Contesting the Code
Re-releasing games on the Nintendo Switch—either as a remake, or as they originally were—has been a trend that has been going on since the initial release of the system itself. Generally speaking, I don’t have a problem with that—and, on the contrary, there have been many times where I’ve even encouraged it. I feel that it’s important, however, to highlight the fact that just because you can re-release a game on the Switch doesn’t mean that you necessarily should. And you don’t need to look any further than Megabyte Punch to see why.
Megabyte Punch is by no means an objectively bad game. I wouldn’t even call it bad subjectively. But it most certainly feels like a product of the time during which it was originally released, which happens to be all the way back in 2013. Even with everything that it offers—which, to be fair, is a sizable amount—there’s nothing that, by today’s standards (or, at least, my own standards of today) feels all that intuitive or gripping. It’s not bad, but it’s not great, and, unless there’s a Megabyte Punch 2 in development (I actually checked and didn’t see anything about it), this is probably going to be one of those ported Switch titles that drifts off into obscurity.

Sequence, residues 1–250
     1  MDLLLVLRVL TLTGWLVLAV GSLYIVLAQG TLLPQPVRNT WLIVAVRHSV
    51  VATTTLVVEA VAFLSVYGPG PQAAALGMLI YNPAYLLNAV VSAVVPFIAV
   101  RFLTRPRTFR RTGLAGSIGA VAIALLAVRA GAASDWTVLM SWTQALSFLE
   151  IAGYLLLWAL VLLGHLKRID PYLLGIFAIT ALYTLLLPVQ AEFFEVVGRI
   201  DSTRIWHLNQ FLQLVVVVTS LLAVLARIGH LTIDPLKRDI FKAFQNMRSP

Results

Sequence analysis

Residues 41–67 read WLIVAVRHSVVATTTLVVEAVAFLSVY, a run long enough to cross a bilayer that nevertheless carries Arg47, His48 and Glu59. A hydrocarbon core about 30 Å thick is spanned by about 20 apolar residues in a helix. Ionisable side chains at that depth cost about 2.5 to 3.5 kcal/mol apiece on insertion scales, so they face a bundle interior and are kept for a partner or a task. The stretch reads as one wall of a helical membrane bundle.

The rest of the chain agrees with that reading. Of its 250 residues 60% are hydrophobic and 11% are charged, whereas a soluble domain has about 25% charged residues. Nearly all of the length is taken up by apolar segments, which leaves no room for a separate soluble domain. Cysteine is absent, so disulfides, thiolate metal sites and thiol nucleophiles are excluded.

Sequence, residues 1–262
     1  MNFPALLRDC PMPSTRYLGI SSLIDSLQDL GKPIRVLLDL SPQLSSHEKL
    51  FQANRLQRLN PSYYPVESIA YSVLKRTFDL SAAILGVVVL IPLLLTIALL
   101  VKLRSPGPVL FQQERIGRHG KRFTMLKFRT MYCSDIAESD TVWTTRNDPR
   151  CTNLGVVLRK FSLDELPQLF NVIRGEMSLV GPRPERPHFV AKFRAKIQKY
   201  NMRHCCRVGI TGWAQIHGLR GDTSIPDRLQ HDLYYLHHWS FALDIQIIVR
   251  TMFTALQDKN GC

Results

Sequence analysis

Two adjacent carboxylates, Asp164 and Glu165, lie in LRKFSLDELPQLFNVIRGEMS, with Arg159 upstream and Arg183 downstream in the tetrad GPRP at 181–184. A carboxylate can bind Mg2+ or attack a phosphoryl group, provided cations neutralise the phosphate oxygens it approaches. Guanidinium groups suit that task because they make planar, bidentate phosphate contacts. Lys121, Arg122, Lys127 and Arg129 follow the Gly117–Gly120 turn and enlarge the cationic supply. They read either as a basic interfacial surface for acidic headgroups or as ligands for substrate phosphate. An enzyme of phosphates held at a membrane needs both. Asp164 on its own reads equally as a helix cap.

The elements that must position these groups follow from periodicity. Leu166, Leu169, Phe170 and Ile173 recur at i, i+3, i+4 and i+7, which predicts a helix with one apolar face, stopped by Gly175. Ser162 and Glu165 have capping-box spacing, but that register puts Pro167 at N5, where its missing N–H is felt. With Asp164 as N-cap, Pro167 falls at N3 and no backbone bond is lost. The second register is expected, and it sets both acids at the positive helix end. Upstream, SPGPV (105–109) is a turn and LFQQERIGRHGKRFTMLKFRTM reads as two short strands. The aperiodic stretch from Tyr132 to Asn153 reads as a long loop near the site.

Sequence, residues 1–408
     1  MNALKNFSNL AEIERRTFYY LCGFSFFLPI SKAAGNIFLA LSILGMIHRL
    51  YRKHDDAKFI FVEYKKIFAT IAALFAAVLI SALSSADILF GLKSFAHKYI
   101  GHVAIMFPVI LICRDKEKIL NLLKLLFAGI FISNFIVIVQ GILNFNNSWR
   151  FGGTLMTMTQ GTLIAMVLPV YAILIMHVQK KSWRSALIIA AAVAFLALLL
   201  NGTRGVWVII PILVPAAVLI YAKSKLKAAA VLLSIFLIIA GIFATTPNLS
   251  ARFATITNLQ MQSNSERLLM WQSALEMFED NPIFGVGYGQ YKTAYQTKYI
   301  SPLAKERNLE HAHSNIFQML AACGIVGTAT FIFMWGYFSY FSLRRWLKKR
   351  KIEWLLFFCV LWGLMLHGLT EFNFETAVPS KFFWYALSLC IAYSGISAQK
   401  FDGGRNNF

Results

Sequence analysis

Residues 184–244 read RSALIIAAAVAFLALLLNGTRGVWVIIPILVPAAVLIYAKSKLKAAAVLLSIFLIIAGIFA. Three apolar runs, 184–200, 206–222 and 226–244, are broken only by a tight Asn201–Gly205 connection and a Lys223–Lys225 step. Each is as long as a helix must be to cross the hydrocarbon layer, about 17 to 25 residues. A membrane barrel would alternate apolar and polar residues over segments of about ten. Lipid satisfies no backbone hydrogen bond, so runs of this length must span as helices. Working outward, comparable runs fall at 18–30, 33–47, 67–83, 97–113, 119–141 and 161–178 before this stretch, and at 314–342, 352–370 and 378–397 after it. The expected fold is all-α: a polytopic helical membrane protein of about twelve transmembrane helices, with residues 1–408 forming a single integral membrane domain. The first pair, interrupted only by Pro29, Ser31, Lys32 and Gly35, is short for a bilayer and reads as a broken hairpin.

Megabyte Punch‘s narrative tells a story in the same way that games like Mega Man X does—with little dialogue, and quite a bit going on underneath. Unfortunately, unlike Mega Man X, Megabyte Punch doesn’t have years of pre-established lore to draw from. The game begins with the player being summoned from what appears quite literally to be the digital void to aid Ventu Village. A small, peaceful village residing within a digital world, Ventu Village has begun to worry about its Heartcore—a relic which literally acts as the heart of the town—and has summoned a hero (you) to help them drive off income threats. Unfortunately for Ventu Village, however, those threats are greater than they initially realized.
I’ll give Megabyte Punch credit for trying—because it absolutely does. However, I can’t help but feel as though it might have benefitted from holding back a little bit more (and I say those already knowing that plot is not this game’s main focus). At the risk of sounding like an idiot incapable of memorizing the entire span of this game’s plot, I think that the game’s story tries to do too much with too little setup. I get that the Valk Empire is bad, but they never even attempt to explain why—relegating them to little more than a plot device—and then there’s this whole thing with assassins and necromancy, and it just… well, it all feels very thrown together.